Davidson testified that Diaz was not present when she administered Lasix to No End in Sight, although he was in the stall when Mr. Snee was treated.

After Davidson left, Diaz also departed, leaving No End in Sight and Mr. Snee alone at approximately 5 p.m. "for eight to nine minutes," according to the transcript, to buy something to eat from the track kitchen. At 5:30 p.m., Diaz said, Asmussen's assistant, Billy Lopes, arrived. But the transcript does not make clear if Lopes was already at the barn when Diaz returned from the track kitchen.

Lopes did not appear before the commission as a witness. Asmussen testified that all of his employees are given strict instructions not to leave a horse alone.

Security measures at Evangeline are not unusual, and they fall well short of practices at some other racetracks. The New York Racing Association uses security barns to stop the administration of illegal race-day drugs, preventing anyone but a state-employed veterinarian from treating horses within six hours of a race.

According to David Yount, the general manager of Evangeline Downs, no employees are assigned to monitor the administration of medications to horses entered on any night's race card. Nor are there security cameras in any of the barns. A guard employed by Evangeline is posted at the track's receiving barn, a 55-stall unit that holds horses that ship in, but the guard is not charged with monitoring medications.

"You can only do so much," Yount said. "We have 24-7 security, and that security is supposed to sign in and out everyone who comes into the barn, but it's really up to the horsemen and the veterinarians that treat their horses. They have the responsibility to know which drugs are legal and aren't legal."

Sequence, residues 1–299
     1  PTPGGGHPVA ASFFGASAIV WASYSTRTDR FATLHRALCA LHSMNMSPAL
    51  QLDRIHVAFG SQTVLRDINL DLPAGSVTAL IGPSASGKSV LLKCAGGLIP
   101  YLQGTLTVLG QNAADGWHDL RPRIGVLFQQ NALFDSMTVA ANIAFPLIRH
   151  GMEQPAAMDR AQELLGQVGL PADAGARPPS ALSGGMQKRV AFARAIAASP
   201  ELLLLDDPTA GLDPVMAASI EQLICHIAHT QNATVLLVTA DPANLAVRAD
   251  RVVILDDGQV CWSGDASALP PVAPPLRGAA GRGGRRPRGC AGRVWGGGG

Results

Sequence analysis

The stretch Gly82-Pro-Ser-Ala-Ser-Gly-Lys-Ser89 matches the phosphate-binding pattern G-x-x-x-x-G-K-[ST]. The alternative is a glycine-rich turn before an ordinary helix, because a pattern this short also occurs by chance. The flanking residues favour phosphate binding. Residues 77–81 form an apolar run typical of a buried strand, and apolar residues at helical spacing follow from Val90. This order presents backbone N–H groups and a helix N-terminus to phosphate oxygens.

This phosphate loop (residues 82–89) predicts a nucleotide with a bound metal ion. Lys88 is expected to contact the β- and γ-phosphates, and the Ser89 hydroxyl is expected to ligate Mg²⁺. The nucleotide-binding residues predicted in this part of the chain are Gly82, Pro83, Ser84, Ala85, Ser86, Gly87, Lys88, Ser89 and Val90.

Jim Gallagher, the executive director of the Kentucky Horse Racing Authority, said that backstretch security remains one of the most pressing issues in racing, in part because finding out who is responsible for a drug positive is so difficult. Gallagher stressed that he could not comment directly on the Asmussen case because he was unfamiliar with its particulars.

"Oftentimes in these things the only evidence you have is the positive, and you have everyone involved saying, 'I didn't do it, and I don't know how it happened,' " Gallagher said. "Unless you have someone like a veterinarian who steps up to the plate and says, 'I screwed up,' you have to hold the trainer responsible."

Wright said that the commission "felt sorry, but compelled" to issue the six-month suspension, citing the absolute insurer rule.

"It's a form of strict liability that we have to adhere to," Wright said. "We can't always catch someone in the act, and the absolute insurer rule relieves you of the responsibility of having to determine who was the culprit."

Asmussen is also facing a six-month suspension in New Mexico for a postrace positive of acepromazine, a sedative that is a Class 3 drug. Asmussen appealed the suspension, and a hearing is scheduled for Aug. 30, according to Pamela England, an employee of the New Mexico Racing Commission.

On the recommendation of the Louisiana Racing Commission's lawyer, Paul Bonin, the Louisiana ruling was approved so that any other pending suspensions could not be served at the same time. If the New Mexico Racing Commission upholds its six-month suspension, Asmussen could be out of racing for an entire year.

Asmussen, who has 3,430 races lifetime, has led the country's trainers in races won three of the last four years, including a record-breaking 555 in 2004. Winsberg, Asmussen's lawyer, after citing Asmussen's reputation and career statistics, asked the trainer at the June 23 hearing in front of the Louisiana Racing Commission, "How do you feel about this situation that you find yourself in now?"

"It's undescribably upsetting," Asmussen said. "I have a very good career going here and would not jeopardize it over a drug that is so obvious and so easy to detect."